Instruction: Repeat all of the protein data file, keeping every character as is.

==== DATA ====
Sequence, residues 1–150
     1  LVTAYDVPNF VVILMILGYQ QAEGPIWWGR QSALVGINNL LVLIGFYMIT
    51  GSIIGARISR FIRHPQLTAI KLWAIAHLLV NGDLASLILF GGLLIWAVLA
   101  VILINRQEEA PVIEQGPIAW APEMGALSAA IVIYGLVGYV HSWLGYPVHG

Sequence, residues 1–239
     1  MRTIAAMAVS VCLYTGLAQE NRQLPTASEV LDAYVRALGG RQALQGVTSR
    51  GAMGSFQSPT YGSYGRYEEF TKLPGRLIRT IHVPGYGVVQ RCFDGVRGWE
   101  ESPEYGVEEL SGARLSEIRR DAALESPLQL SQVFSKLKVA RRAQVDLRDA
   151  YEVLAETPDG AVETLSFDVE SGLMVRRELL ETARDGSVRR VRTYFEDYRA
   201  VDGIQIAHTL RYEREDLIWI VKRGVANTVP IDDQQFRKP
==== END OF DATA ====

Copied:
Sequence, residues 1–150
     1  LVTAYDVPNF VVILMILGYQ QAEGPIWWGR QSALVGINNL LVLIGFYMIT
    51  GSIIGARISR FIRHPQLTAI KLWAIAHLLV NGDLASLILF GGLLIWAVLA
   101  VILINRQEEA PVIEQGPIAW APEMGALSAA IVIYGLVGYV HSWLGYPVHG

Sequence, residues 1–239
     1  MRTIAAMAVS VCLYTGLAQE NRQLPTASEV LDAYVRALGG RQALQGVTSR
    51  GAMGSFQSPT YGSYGRYEEF TKLPGRLIRT IHVPGYGVVQ RCFDGVRGWE
   101  ESPEYGVEEL SGARLSEIRR DAALESPLQL SQVFSKLKVA RRAQVDLRDA
   151  YEVLAETPDG AVETLSFDVE SGLMVRRELL ETARDGSVRR VRTYFEDYRA
   201  VDGIQIAHTL RYEREDLIWI VKRGVANTVP IDDQQFRKP